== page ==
The challenges of graph computations stem from both the complexity of the algorithms used and the large computing and storage requirements of many graph problems. To address these challenges, a team headed by Professor Josep Torrellas, has been awarded a $5M NSF grant for a period of 5 years.
Graph applications are some of today’s most important and challenging workloads. They enable a myriad of scientific computing and data analytics applications, including:
- Biology problems such as how species evolve or proteins interact,
- Social network analysis problems such as how friends network or misinformation propagates on the internet.
- Verification of software systems to prove that software is correct.
They also act as computational bottlenecks in many data-intensive applications because of their poor data locality and high communication-to-computation ratio.
The challenges of graph computations stem from both the complexity of the algorithms used and the large computing and storage requirements of many graph problems. To address these challenges, a team headed by Principal Investigator Josep Torrellas, Saburo Muroga Professor of Computer Science and Director, SRC JUMP 2.0 ACE Center for Evolvable Computing, has been awarded a $5M NSF grant for a period of 5 years.
Their “General-Purpose Scalable Technologies for Fundamental Graph Problems” proposal outlines an ambitious, cross-layer effort to accelerate the execution of large graph problems on large, distributed machines, such as those found in data centers. As Torrellas explained,
“Graph problems are very hard to manage with existing systems. Mostly because they are very irregular. They don't use computer processors or memory systems very efficiently. They have large working sets and access a lot of scattered data. What we want to do is to design better algorithms, hardware platforms, and support software so that they are executed much more efficiently and on large-scale machines. That's the challenge: efficiency and large scale.”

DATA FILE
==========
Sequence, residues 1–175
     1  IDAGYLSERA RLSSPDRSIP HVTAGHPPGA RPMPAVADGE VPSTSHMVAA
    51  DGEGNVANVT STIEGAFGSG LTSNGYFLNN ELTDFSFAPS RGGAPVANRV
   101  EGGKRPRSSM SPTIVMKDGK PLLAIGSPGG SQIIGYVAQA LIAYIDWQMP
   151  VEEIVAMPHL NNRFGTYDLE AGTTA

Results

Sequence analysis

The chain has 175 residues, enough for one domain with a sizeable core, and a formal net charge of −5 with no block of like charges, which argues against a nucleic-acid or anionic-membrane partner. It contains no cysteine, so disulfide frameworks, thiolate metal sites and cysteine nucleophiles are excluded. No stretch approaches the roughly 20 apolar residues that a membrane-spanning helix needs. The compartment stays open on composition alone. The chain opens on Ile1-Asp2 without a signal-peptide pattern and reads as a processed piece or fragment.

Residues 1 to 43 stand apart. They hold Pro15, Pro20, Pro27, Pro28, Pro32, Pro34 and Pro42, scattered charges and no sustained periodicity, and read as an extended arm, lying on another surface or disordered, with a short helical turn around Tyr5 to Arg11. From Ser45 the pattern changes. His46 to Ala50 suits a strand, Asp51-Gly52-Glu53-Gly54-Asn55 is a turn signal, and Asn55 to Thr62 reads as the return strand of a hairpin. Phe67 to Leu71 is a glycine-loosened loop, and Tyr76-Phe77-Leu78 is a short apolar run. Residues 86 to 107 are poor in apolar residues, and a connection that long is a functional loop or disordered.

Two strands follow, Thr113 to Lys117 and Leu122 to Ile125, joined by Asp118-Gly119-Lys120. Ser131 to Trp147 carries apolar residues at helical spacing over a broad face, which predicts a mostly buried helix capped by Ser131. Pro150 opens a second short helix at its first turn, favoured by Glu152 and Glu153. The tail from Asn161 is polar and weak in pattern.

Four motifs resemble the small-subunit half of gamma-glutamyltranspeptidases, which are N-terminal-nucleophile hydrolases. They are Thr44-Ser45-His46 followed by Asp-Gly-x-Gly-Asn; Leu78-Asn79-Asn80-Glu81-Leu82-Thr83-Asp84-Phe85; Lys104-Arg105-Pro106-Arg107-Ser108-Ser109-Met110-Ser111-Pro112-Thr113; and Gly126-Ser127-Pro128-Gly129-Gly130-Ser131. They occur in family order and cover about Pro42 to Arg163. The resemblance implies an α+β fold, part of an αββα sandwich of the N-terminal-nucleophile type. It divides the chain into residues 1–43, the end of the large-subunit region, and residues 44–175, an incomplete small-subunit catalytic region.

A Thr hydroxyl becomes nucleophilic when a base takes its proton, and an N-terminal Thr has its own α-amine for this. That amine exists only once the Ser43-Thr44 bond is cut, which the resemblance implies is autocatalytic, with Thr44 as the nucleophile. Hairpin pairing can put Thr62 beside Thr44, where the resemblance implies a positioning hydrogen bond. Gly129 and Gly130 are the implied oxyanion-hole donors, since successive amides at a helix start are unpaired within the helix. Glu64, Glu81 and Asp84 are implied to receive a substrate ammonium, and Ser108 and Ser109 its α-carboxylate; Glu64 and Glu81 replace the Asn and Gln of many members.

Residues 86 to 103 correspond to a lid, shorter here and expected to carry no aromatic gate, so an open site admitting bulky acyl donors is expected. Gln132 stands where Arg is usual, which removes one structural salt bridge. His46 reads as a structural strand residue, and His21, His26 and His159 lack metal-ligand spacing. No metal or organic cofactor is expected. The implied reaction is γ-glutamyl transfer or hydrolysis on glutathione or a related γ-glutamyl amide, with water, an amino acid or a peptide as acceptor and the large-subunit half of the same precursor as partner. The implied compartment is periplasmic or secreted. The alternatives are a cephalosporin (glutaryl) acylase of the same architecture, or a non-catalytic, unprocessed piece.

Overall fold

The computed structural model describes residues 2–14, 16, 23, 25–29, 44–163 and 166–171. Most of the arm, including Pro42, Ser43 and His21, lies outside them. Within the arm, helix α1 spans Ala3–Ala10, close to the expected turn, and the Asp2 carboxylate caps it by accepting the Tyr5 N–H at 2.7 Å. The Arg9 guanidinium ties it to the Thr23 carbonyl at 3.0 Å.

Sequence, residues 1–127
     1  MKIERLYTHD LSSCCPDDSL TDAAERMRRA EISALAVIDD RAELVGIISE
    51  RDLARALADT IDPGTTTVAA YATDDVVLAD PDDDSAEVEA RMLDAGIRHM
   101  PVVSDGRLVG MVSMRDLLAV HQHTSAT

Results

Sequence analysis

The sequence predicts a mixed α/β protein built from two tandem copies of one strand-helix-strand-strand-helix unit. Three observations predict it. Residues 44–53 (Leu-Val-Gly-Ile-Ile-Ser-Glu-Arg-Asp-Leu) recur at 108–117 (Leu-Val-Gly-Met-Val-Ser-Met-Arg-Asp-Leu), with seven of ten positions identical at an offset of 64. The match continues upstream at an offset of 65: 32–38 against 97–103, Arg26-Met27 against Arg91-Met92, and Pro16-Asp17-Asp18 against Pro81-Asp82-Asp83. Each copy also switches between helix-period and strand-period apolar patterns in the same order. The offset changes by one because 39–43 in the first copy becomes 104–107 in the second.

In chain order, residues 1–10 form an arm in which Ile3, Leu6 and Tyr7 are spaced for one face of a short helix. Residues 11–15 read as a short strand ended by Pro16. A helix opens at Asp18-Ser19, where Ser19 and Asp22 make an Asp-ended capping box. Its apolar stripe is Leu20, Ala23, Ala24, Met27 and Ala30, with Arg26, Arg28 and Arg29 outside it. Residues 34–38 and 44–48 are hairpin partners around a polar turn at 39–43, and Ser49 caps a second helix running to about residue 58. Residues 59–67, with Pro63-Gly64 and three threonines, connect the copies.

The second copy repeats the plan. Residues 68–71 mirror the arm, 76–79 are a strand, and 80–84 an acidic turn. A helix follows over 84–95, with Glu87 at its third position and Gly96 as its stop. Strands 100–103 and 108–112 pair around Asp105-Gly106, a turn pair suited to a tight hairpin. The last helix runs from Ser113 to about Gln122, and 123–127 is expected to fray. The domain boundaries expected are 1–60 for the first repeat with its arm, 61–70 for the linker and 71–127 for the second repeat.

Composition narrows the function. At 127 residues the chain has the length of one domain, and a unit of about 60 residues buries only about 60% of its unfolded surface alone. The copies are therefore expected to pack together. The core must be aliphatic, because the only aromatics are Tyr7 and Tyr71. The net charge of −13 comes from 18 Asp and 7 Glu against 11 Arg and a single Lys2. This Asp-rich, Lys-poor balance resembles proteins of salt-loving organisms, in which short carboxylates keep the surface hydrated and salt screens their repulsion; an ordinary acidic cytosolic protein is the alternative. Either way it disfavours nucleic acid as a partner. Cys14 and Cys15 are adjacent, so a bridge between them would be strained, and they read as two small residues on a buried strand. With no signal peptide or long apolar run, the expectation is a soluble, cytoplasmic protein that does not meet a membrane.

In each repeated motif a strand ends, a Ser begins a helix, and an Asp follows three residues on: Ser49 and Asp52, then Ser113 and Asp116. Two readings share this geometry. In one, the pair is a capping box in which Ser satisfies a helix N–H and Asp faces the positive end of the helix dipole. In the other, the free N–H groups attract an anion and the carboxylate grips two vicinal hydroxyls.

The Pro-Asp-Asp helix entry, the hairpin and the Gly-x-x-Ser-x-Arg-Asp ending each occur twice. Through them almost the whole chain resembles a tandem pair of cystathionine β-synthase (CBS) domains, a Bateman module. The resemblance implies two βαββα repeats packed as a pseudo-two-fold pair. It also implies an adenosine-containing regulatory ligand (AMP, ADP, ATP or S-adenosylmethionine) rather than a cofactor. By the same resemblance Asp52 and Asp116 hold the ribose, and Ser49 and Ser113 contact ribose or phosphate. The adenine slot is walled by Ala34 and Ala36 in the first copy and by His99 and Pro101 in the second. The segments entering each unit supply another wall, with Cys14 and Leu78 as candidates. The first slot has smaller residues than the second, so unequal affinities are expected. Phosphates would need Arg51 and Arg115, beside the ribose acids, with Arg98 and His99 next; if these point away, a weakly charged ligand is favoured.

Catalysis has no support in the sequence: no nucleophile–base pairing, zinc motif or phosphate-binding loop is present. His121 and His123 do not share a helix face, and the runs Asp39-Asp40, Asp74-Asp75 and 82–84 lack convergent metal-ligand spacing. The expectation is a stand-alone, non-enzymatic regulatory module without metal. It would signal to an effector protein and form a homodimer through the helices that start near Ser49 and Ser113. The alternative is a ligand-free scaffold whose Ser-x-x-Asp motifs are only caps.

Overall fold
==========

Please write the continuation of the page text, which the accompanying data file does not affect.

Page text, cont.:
The investigators are ten faculty at the University of Illinois Urbana-Champaign, Massachusetts Institute of Technology (MIT), and Indiana University, with expertise in several distinct areas. The work will be done in close collaboration with research groups at IBM and Meta. Torrellas described the process of team building:
“We had a lot of discussions. We started with a small group of faculty, and then we tried to cover all the areas from applications to software and hardware. We looked within the Grainger College of Engineering, and we were able to find most of the needed expertise.
The project covers four research areas: Theory & Algorithms led by Julian Shun, Associate Professor of Electrical Engineering and Computer Sciencen at MIT; Programming Languages & Compilers headed by Charith Mendis, Professor at Illinois; High-Performance Computing led by Ariful Azad, Assistant Professor of Intelligent Systems Engineering at Indiana University; and Computer Architecture and Hardware led by Josep Torrellas. There are also efforts in Formal Verification led by Gagandeep Singh, Professor at Illinois, Graph Applications by domain experts Karrie Karahalios, Professor at Illinois, Hanghang Tong, Professor at Illinois, and Tandy Warnow, Grainger Distinguished Chair in Engineering Professor at Illinois; and in Educational and Broadening Activities led by Colleen Lewis, Associate Professor at Illinois, and Tiffani Williams, Professor at Illinois
The researchers will work together, contributing their complementary expertise to common goals. In addition, there will be a yearly workshop where the PIs will invite faculty and students from disadvantaged communities and minority-focused institutions. The workshop will train faculty and students on scalable graph computing. Finally, there will be regular seminars that will be broadcasted widely.